Historical Content Note: The following material is reprinted from publications from throughout Fermilab's history. It should be read in its original historical context.

Interior Planning for High-Rise

High Rise going up

Looking northeast from the Cross Gallery toward the Central LaboratorySidor

A pleasant lounge...carpets...proximity to other sections...you may have thought wistfully of these as you bicycled from the Physics Department to a meeting in the Snake Pit, or slogged to the Cafeteria for lunch in the rain...

All these and more are planned for the sixteen-story Central Laboratory, into which most NAL offices and sections will move in the spring, 1973. No specific moving dates have been set; too many as yet unknown factors are involved, but the interior of the building is being readied for occupancy as quickly as possible, and discussions of locations and space allocations for Laboratory Sections are under way.

The interior of the sixteen-story structure is very open and airy, and to maintain this feeling, the open office concept will be used in any group which can function well in such an arrangement -- with no permanent walls or corridors. Instead, low dividers will provide privacy where desired, particularly around work stations. In this way, commented Donald Getz, "Everyone will be able to stand up from his or her desk and look out a window. Also, we are trying to eliminate the problem of 'inside' and 'outside' offices as status symbols."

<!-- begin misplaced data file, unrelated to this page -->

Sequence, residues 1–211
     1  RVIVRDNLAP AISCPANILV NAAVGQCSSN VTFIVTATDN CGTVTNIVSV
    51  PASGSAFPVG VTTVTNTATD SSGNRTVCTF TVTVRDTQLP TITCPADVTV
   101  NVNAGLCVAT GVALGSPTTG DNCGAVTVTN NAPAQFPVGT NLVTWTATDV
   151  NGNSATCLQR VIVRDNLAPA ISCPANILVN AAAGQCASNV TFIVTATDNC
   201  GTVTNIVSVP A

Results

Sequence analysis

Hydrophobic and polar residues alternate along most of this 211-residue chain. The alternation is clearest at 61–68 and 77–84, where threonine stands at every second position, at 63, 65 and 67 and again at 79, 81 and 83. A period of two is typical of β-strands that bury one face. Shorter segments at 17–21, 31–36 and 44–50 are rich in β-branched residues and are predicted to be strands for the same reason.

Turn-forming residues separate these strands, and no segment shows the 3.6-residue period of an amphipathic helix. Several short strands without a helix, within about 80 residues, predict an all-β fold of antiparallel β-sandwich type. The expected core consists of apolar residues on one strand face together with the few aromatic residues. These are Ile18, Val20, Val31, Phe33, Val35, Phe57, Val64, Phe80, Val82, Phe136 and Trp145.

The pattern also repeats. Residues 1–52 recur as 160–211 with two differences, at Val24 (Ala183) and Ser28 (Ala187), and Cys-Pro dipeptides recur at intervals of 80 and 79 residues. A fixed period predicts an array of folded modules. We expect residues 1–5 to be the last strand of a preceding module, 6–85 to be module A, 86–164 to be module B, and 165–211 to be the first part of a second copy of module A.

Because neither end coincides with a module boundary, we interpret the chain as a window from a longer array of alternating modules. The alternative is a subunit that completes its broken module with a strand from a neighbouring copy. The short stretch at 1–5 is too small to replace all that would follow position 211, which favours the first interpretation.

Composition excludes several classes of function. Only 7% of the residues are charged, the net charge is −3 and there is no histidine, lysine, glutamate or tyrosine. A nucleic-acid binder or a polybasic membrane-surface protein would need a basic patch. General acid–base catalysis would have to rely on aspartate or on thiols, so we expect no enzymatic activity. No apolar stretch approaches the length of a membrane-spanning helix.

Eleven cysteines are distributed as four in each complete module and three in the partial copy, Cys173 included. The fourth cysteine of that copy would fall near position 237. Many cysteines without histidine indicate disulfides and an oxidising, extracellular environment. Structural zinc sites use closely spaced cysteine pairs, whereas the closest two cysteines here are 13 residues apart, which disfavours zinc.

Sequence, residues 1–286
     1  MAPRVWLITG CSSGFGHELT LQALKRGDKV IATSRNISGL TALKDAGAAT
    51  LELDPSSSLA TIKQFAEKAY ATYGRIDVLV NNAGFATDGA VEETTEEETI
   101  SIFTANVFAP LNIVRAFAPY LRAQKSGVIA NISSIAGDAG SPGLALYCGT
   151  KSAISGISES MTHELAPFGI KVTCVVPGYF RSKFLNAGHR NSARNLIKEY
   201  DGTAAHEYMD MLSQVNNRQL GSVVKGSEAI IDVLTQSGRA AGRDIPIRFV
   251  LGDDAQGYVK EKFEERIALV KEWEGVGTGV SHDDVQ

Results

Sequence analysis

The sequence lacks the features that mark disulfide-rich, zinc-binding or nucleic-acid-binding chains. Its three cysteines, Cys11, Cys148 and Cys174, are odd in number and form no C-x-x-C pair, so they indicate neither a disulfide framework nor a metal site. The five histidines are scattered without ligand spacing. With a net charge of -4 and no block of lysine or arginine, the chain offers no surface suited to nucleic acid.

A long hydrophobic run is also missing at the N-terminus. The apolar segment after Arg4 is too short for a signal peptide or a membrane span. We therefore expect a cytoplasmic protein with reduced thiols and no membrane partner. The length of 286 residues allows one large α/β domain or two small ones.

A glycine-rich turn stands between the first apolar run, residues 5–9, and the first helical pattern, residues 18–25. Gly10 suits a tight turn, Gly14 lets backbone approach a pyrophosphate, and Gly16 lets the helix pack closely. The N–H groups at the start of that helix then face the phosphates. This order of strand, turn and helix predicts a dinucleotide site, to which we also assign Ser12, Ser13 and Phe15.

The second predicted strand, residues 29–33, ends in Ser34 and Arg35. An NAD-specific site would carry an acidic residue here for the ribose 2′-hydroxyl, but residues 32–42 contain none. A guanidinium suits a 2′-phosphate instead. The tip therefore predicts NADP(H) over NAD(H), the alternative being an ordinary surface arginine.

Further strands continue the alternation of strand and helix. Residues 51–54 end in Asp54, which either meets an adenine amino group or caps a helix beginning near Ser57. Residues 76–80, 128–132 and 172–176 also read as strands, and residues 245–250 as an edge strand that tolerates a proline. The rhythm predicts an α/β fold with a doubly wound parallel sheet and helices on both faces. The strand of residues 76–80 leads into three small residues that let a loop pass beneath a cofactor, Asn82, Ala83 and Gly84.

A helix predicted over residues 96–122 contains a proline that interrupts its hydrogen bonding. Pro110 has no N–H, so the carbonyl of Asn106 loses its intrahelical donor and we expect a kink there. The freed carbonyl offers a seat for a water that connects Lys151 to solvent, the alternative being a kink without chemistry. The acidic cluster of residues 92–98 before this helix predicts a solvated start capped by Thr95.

It will be a very colorful building. The architect, Alan H. Rider, of the Washington, D. C. office of Daniel-Mann-Johnson and Mendenhall, has suggested accent colors, one for each floor, based upon a scientific progression of color values. Thus, the first floor will be yellow; the second floor, ochre; the third, olive green; the fourth, light green; the fifth, dark green; the sixth, aqua blue; the seventh, light blue; the eighth, dark blue; the ninth, purple; the tenth, light purple; the eleventh, dark red; the twelth, red; the thirteenth, dark orange; the fourteenth, orange; and the fifteenth, yellow again. How much of the accent color will actually be used on each floor is still being decided. Carpeting throughout the office areas will be the same - a neutral brown.

New furnishings are planned for the entire building, and DUSAF is taking bids now for the first phase. Delivery dates will be a large factor in determining moving dates. Commented George Poddy of DUSAF, "We've all worked very closely together - NAL, DUSAF, and the interior design consultants - to make this a functionally and aesthetically coordinated installation. I think it's a very exciting one."

The location of offices in the building is being discussed now and is still subject to change. The floor numbering system is in the European style, with the so-called first floor actually on the second level of the building. Don Getz gave a capsule description of the plans for some of the floors: